There are a few issues though: cache invalidation (as always) and deciding where to run it. It can't run server-side since it's using a whole web browser which is slow and eats up a lot of resources, so it'll need to run in parallel. Which in turn means it'll need to know which pages to cache.
Right now, the experiment is using the sitemap.xml to scrape FrontierNav. That works for the more simple pages. But pages like the Maps have potentially hundreds of elements, and dumping all of that into HTML will be ridiculous. These pages are the most likely to be shared on social media. I could strip the excess post-render, but then the solution becomes more complex, at which point SSR becomes more appealing again.
Running in parallel is also a lot of waste since the vast majority of pages won't be directly navigated to. I could make it more intelligent and have it use access logs to find the pages it should cache, but then it's caching after the fact so it'll always be one step behind.
I wrote this entire blog post and it was really long, so I broke it down into separate posts. This is just a summary.
I spent a lot of time sorting out my workstation. It's a bit long and boring so I wrote a separate blog post on it.
Thanks for reading.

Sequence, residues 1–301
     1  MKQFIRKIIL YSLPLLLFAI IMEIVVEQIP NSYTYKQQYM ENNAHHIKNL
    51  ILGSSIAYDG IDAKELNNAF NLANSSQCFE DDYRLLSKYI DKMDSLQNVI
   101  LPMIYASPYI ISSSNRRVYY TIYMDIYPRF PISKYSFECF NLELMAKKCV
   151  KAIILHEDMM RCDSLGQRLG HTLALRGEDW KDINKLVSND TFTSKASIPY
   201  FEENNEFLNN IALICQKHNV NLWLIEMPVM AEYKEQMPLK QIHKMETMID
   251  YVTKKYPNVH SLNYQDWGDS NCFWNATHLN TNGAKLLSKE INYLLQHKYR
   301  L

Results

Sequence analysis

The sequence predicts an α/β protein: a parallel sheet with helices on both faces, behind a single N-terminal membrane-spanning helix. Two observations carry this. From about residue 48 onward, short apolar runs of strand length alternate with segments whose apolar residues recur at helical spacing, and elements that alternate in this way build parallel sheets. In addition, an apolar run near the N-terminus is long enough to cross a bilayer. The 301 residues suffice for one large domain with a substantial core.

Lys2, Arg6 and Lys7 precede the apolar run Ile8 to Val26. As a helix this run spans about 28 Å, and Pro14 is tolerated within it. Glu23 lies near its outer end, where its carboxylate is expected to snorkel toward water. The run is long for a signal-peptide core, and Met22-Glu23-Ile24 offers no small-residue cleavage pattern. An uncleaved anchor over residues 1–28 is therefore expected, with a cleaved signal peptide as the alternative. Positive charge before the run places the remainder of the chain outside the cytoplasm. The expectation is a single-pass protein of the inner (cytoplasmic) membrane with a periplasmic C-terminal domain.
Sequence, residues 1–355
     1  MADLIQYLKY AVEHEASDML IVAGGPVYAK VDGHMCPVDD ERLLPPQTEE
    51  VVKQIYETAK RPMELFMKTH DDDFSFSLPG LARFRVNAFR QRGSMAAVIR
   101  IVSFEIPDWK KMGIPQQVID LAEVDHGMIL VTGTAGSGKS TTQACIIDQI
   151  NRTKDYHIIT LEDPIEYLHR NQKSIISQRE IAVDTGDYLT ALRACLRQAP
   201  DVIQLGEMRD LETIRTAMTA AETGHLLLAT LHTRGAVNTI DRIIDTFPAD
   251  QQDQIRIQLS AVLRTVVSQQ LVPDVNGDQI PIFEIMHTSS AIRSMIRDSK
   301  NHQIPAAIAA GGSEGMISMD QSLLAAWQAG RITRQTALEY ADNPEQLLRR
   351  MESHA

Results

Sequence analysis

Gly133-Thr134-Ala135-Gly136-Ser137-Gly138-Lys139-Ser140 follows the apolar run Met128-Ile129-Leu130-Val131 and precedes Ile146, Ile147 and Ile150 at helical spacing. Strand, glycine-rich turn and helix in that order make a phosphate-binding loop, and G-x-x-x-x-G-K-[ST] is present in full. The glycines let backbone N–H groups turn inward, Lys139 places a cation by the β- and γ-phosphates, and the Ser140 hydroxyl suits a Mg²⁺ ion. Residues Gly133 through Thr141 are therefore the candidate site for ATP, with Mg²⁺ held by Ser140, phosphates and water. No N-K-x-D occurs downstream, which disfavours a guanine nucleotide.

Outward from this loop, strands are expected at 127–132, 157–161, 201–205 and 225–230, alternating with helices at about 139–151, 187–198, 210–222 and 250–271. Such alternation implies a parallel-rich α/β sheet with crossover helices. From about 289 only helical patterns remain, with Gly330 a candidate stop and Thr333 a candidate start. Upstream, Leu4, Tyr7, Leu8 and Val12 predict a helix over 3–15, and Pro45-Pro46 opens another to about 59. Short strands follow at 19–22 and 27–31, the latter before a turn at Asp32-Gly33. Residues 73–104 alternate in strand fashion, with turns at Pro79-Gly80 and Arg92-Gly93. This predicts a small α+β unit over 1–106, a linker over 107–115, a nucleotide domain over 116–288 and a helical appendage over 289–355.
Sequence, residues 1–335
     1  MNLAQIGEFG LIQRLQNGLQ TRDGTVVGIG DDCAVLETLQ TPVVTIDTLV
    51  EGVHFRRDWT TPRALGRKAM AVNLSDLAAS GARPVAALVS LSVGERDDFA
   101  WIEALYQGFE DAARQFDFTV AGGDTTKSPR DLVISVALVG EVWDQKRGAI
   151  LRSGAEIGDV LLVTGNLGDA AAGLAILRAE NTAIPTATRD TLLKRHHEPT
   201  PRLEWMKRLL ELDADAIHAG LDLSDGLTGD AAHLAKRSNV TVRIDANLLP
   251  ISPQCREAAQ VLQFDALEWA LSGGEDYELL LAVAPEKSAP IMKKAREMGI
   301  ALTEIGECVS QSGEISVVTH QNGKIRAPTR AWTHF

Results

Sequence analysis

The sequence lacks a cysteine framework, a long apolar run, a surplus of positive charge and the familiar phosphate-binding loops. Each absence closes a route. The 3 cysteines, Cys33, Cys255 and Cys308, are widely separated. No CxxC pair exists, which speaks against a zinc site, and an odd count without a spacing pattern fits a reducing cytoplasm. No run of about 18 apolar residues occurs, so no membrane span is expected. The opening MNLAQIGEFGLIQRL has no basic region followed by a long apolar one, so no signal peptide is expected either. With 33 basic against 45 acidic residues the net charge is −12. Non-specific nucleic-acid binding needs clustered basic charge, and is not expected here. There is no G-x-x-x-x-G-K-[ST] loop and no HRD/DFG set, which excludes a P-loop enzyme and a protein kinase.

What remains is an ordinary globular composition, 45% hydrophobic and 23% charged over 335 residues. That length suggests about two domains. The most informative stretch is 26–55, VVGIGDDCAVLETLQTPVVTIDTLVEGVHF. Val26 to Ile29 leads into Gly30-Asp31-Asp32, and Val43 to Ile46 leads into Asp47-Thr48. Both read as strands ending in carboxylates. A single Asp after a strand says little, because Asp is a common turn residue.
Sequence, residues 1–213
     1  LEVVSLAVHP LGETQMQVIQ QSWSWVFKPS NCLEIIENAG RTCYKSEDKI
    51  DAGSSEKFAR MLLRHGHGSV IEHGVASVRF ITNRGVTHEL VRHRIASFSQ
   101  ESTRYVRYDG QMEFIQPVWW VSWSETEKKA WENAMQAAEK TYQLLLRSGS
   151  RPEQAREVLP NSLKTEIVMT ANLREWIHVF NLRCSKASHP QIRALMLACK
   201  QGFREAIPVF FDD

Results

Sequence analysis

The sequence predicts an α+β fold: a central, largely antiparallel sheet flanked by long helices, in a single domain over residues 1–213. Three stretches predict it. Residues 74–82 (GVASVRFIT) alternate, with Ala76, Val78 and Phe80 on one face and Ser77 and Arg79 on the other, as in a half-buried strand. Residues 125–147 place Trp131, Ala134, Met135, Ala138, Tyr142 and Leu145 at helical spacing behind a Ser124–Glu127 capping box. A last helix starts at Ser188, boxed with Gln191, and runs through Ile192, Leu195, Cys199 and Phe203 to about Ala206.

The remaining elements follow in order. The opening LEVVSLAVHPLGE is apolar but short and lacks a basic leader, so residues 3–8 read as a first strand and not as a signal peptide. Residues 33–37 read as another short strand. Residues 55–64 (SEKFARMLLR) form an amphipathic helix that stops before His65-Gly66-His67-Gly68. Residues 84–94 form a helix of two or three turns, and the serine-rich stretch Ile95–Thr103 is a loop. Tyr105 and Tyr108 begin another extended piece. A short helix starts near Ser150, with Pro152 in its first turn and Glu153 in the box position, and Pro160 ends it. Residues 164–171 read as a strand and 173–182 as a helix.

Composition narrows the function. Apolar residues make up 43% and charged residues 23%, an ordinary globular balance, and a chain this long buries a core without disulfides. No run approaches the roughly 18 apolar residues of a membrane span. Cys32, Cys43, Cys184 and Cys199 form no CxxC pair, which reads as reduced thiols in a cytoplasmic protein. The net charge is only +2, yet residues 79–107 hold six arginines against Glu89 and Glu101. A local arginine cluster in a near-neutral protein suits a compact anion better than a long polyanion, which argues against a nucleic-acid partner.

I can't remember how I started going down this route, but I do know that as someone with multiple websites, I should be doing the most to ensure nothing malicious is being loaded onto my viewer's computer.
Actually, I do remember. I was looking into how FrontierNav can introduce an iframe-based, postMessage API to allow third-party integrations -- an exciting topic for another time. Loading iframes from other places is of course open to abuse, so I looked into securing it.
My sound card died this week. I didn't mind. A year ago I assumed the inteference coming from my speakers was from my motherboard's on-board sound so I bought a PCI one, avoiding an external one so that I don't have to deal with more cabling.
When I switched from Windows to Linux as my main operating system, the main issue I had was with drivers. Sound (Asus), Wi-Fi (Broadcom) and Video (Nvidia). They're all propertietory and Linux support is abysmal thanks to various free versus proprietary conflicts in interest.